As a young undergraduate student in the mid 1980’s I ran small gardening business.

One of my clients was a businessman called Greg Poche – a veteran of the Australian trucking industry.

Many years earlier he had started a company called Discount Freight Express, and had grown the operation rapidly, despite having to take on transport giants TNT, Mayne Nickless and Ansett.

I was reminded of his story while reading a recent Fairfax article about the $18 billion in fees being charged on Australia’s $1.6 trillion in superannuation savings (amounting to just over 1% per annum).

Funds Management 2.0

What has this got to do with Funds Management 2.0?

As it turns out a lot.

You see, what triggered Greg’s entry into the trucking game was the fact that those transport giants were seeking to maintain prices above marginal cost – a common catalyst for market entry by start-up firms.

The Mclowd Model

I started Mclowd because the fees described in that article bear no relationship to the marginal cost of delivering funds management services, but rather reflect an outdated revenue model where individuals and organisations are remunerated on the basis of the assets they manage rather than the value they add.

However, unlike the transport industry – where price differentials are measured in single digits – the economics of cloud computing and crowdsourcing mean that Mclowd is developing an investment administration platform where costs are 70-90% lower than those described in the Fairfax article.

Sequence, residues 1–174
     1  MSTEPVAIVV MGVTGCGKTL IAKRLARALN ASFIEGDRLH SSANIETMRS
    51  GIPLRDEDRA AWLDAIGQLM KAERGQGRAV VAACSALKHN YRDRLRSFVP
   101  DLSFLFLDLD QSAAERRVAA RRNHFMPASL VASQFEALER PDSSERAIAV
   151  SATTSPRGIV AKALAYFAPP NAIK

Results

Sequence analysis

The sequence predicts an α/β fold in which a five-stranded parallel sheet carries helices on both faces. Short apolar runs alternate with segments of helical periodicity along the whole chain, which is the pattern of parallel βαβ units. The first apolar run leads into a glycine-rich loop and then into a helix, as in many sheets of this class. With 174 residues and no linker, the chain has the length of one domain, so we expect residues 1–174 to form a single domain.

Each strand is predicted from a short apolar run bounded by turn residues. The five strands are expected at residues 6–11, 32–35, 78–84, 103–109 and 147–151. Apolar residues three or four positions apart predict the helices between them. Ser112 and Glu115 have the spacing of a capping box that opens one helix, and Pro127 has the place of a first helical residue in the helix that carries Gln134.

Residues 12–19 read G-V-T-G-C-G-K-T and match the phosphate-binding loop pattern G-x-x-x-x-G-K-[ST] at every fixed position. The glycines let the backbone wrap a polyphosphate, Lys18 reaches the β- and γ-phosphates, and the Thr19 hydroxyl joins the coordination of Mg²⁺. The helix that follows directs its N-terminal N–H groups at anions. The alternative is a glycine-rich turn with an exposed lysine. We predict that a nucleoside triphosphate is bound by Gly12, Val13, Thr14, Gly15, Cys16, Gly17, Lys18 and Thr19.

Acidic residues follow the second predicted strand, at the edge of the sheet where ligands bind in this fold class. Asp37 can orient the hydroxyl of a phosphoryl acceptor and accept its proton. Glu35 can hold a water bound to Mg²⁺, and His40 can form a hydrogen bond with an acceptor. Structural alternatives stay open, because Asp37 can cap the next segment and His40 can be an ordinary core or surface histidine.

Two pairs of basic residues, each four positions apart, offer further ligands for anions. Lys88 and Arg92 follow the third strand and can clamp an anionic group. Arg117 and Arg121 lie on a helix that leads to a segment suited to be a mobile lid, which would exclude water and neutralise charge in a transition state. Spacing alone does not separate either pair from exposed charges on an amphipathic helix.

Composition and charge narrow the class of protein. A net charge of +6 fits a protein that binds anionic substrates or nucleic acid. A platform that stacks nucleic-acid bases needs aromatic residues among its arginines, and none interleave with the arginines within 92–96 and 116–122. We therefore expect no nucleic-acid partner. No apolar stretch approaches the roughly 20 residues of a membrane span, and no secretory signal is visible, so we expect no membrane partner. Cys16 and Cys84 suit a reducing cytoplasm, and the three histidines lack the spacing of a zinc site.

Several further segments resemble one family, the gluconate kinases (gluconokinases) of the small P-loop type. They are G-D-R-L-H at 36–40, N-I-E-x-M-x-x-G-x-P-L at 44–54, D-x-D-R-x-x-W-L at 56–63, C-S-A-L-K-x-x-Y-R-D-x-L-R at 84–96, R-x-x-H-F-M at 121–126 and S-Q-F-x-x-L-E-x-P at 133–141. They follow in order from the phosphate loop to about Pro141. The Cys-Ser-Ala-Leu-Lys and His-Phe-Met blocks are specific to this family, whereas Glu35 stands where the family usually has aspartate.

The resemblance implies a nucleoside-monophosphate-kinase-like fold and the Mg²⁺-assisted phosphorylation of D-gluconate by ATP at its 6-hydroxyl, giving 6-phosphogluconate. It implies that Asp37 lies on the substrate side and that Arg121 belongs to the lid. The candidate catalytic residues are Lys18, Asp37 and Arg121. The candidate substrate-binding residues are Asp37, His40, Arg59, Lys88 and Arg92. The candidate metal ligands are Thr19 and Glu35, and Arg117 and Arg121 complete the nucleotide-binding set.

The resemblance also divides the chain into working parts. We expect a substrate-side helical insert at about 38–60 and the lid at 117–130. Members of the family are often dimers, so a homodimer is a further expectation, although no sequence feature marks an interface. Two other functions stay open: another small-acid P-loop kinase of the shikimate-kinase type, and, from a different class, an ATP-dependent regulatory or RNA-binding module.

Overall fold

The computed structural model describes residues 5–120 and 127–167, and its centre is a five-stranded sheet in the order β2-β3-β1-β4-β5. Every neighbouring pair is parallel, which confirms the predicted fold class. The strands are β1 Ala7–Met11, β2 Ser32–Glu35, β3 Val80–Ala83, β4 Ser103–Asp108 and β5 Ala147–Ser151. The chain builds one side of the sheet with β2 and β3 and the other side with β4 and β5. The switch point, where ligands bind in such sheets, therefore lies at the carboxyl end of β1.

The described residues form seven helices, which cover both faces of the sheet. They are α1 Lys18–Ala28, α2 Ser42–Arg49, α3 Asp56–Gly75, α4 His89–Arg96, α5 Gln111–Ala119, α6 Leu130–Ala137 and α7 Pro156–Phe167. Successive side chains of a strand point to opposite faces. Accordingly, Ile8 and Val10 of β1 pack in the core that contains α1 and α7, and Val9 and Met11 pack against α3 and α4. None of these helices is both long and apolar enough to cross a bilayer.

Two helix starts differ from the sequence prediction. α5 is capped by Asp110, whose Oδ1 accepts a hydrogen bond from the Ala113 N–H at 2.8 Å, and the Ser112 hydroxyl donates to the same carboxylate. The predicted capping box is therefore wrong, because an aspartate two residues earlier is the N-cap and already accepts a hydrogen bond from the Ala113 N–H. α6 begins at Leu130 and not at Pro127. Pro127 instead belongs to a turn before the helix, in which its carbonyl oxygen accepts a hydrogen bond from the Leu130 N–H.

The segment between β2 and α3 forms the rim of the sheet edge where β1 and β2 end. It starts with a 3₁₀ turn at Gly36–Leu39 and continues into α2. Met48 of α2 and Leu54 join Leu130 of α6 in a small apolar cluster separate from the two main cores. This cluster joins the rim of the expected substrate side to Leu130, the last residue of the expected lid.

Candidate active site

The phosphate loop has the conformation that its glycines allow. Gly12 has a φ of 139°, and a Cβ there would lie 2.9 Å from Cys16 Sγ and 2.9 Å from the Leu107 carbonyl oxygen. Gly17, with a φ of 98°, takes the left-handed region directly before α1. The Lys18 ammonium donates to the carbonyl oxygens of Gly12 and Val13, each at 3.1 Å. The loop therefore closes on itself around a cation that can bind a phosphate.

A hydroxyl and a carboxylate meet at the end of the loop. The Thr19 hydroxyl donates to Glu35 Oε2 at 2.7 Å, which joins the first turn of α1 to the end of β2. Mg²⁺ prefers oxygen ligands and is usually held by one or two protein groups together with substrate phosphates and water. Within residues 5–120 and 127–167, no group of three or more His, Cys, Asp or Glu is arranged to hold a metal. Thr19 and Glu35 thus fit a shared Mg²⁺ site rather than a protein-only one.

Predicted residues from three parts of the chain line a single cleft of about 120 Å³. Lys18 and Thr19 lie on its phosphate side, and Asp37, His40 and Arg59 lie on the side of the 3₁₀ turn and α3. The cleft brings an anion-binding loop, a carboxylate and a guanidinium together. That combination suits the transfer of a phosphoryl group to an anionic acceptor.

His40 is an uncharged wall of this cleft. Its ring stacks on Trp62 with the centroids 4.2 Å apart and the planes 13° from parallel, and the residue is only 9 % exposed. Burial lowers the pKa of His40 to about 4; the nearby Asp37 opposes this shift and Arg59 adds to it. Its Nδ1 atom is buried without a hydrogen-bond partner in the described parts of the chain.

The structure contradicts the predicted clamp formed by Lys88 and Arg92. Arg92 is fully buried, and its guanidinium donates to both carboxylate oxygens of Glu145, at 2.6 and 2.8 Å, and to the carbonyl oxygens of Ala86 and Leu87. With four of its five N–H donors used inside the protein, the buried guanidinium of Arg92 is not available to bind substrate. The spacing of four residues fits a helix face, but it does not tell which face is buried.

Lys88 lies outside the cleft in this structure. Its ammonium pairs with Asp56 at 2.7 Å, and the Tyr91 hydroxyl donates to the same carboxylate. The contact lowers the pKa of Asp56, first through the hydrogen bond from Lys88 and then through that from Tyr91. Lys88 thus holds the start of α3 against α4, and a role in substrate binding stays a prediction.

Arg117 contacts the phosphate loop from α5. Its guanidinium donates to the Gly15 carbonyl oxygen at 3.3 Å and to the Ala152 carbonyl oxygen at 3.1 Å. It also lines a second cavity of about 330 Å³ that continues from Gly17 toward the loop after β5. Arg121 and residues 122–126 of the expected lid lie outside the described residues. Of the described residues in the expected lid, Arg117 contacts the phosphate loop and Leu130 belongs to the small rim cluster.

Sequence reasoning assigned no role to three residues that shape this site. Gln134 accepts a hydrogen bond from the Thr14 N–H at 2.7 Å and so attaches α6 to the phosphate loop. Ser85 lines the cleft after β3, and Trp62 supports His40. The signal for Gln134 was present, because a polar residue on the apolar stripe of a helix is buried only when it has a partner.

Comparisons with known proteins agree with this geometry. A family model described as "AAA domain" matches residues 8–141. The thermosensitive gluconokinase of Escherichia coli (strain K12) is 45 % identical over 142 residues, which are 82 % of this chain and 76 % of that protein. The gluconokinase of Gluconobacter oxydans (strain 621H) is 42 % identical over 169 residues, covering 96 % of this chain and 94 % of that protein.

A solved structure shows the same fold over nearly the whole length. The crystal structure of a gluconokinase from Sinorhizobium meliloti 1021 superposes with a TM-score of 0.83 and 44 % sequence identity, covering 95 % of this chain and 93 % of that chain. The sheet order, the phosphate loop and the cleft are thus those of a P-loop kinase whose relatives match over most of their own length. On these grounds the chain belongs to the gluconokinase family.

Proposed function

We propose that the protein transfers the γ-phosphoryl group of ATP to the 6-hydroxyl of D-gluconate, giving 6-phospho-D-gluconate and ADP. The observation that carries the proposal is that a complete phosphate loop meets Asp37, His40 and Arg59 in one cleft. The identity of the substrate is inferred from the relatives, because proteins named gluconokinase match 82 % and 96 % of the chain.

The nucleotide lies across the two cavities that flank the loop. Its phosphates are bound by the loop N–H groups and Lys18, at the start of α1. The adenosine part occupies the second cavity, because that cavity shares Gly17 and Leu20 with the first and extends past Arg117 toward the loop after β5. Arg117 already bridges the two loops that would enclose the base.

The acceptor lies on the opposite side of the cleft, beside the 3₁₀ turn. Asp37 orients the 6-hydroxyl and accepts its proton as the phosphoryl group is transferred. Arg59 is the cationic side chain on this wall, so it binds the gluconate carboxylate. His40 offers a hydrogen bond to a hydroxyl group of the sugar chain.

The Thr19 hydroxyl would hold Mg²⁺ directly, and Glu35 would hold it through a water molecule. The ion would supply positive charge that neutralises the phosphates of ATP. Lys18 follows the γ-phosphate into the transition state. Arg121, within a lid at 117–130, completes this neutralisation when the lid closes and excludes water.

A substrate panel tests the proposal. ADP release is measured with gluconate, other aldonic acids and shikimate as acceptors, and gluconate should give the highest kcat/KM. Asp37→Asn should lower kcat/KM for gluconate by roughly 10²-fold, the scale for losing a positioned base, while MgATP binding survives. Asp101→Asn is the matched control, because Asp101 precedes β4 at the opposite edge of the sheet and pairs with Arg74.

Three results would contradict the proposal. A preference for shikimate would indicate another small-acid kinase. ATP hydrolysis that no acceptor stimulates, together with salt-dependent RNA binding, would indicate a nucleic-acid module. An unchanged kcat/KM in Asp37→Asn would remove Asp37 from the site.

In fact, the Mclowd model is designed to deliver high quality investment management outcomes at 1% of Income, not 1% of Assets.

In the next few weeks the Mclowd Platform will pass the $100m mark in terms of assets under management, and then $1 billion, and then $10 billion, and on the process will go until prices in the funds management value chain have been reduced to a new marginal cost because:

In a competitive market pricing above marginal cost is not sustainable

How Did The Trucking Story End?

By continuing to invest in new technologies to drive down costs, Discount Freight Express thrived, and while few people would recognise the DFE name, very few would not recognise the light blue livery of Star Track Express, as the business was renamed in 2000, before being sold to Qantas and Australia Post for $750m.

And TNT?

Today the trucking industry is a highly competitive marketplace characterised by marginal cost pricing, and TNT Australia is a shadow of the firm that was (along with Mayne and various executives) ultimately fined $14m for collusive practices by the Trade Practices Commission in 1994.